It takes a retirement village
for an Israel bar mitzvah.
It was a bar mitzvah for the ages — or, rather, the aged.
A handful of residents from an Ohio retirement community visited Israel for a 12-day mission culminating in a group bar mitzvah in Jerusalem’s Old City.
For some of the octogenarians at Cedar Village in Mason, near Cincinnati, it was their first bar/bat mitzvah.
“I never dreamed this could happen to me,” said Ethel Regberg, 86, who was among those celebrating their first bar/bat mitzvah. Her husband, Paul, 87, had a bar mitzvah, too.
The Regbergs were among nine residents, one family member and 13 staff members who went on the Cedar Village B’nai Mitzvah Mission to Israel late last year. The average age of the residents was 86; the oldest participant was 96.
In a ceremony broadcast live on the Internet, allowing friends and family to watch, the residents and four staff members had their b’nai mitzvah at Robinson’s Arch.
Dressed in their best attire, the celebrants chanted and sang prayers, and recited passages about creation from the Book of Genesis. They were called in groups to the Torah; one by one their Hebrew names were called and each read a verse in Hebrew.
“I felt like I was reborn,” Regberg said.
Each celebrant also read a prepared d’var Torah, sharing thoughts and emotions. Following the religious ceremony, the participants went to the Western Wall to tuck prayer notes into the ancient wall’s cracks.
Aside from the bar/bat mitzvah ceremony, the group also visited sites in Jerusalem, Masada, the Dead Sea, the Golan Heights, Tel Aviv and the Sea of Galilee — though at a slower pace than most trips to Israel.
“There were plenty of rest stops and breaks in the activities,” said Rachel Festenstein, Cedar Village's director of marketing and community outreach.
Before the trip, organizers said, residents got into shape with daily exercise regimens to promote cardiovascular health and endurance.
“We had to take a lot of walks around the grounds of Cedar Village,” said one resident, Blessing Sivitz, 89, who celebrated her first bat mitzvah in Israel. “We had to change our speeds, pretend like we were marching, and climb and descend stairs."
Each staff member on the mission was assigned a resident to look after individually. One staffer was a registered nurse who managed the medications.
Walkers and wheelchairs were brought along, but participants said no one fell ill on the trip or could not meet the mission’s physical challenges.
“We were tired but well taken care of,” Sivitz said. “I felt healthy the entire trip.”
It was Cedar Village’s second mission to Israel in two years and coincided with the retirement community’s own bar mitzvah.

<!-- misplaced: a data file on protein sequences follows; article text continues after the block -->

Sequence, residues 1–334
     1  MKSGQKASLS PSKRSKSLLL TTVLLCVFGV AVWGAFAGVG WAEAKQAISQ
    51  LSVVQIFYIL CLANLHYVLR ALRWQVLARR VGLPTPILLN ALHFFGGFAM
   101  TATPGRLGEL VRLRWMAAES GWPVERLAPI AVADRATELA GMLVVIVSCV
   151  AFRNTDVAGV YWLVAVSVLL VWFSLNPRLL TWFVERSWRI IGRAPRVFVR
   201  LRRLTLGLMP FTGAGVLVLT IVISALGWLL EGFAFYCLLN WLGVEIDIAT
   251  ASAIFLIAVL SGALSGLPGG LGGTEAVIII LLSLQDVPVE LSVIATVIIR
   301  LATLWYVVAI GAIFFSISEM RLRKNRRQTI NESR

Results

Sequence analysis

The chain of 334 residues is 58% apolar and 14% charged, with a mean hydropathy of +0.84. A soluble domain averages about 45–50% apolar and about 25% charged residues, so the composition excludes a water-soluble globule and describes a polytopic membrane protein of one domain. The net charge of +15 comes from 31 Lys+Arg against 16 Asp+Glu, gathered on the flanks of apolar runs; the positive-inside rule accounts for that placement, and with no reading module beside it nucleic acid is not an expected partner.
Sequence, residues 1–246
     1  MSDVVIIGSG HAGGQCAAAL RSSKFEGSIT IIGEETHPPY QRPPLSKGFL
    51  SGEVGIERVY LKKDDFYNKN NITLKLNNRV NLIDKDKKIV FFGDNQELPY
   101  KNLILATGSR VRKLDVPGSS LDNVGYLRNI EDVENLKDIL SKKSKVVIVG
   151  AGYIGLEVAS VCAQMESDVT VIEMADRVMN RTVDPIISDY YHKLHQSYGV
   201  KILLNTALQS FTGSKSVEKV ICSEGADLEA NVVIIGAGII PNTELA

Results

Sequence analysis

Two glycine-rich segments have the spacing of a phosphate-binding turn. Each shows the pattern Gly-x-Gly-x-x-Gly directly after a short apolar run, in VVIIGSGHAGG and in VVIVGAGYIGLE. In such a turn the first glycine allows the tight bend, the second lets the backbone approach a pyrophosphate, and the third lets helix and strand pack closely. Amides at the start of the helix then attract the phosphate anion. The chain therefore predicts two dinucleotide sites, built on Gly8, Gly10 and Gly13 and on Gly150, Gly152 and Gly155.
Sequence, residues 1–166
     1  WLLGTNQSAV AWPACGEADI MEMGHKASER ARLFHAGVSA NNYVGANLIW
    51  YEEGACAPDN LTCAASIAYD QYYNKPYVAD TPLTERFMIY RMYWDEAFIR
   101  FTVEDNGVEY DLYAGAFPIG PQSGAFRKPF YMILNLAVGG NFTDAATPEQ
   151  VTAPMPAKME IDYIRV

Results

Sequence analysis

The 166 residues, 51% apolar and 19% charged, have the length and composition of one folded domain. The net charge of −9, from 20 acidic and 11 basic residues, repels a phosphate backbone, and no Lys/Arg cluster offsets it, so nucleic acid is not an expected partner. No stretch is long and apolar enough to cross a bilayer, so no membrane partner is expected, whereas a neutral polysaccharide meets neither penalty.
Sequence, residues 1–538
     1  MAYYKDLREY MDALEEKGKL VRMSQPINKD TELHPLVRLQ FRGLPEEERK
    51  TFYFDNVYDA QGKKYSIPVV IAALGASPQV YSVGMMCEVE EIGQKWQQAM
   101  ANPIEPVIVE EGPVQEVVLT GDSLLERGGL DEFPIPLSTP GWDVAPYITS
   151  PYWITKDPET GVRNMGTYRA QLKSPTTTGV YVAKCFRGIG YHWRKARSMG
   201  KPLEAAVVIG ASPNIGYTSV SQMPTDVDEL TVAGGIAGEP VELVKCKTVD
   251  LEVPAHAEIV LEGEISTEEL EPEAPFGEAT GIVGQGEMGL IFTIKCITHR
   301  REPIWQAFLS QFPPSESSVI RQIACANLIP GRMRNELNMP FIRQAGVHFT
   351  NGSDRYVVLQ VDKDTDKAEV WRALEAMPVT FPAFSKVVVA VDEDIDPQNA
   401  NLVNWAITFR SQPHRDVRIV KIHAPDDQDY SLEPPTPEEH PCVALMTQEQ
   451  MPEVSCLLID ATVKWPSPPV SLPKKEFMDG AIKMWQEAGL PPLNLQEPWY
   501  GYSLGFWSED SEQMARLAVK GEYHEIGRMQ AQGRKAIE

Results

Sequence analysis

“What better way to celebrate and commemorate our 13th year than with the idea of bar or bat mitzvah,” said Carol Silver Elliott, Cedar Village’s CEO and president.
Two rabbis who traveled with the group, Ruth Alpers of Hebrew Union College-Jewish Institute of Religion and Gerry Walter of Cedar Village, put together a special service for the b’nai mitzvah celebration with a prayer booklet that included the d’var Torah written by each bar or bat mitzvah.
A festive luncheon and tree plantings at the Jewish National Fund forest around Jerusalem followed the ceremony.
Despite their years, the Cedar Village residents hardly let up during the trip.
At Masada, after ascending to the top on a cable car, residents made their way through the dusty exhibits using wheelchairs and walkers. On the Sea of Galilee, participants danced on a moving boat. And they safely navigated the uneven cobblestone streets of cities such as Jerusalem and Zichron Yakov.
When help was needed, such as at the Dead Sea, staff provided assistance.
“With challenges like cobblestone streets and unfamiliar places, we want to guarantee that our residents stay healthy,” Elliot said.
The mission also included stops tailored to the interests of staff members, who were mostly Christian. The group visited the Christian Quarter of the Old City, the Church of the Holy Sepulcher and Christian archeological sites.
“This leg of the trip helped us to understand the various faiths and traditions that all originated here in Israel,” Elliot said.
The group also visited Netanya, a sister city to Cincinnati, where participants surprised the children of Bet Elazraki Children’s Home with handmade blankets and plush toys.
Back in Cedar Village, the group plans to screen slide shows of their trip to inspire more mitzvah missions to the Jewish state.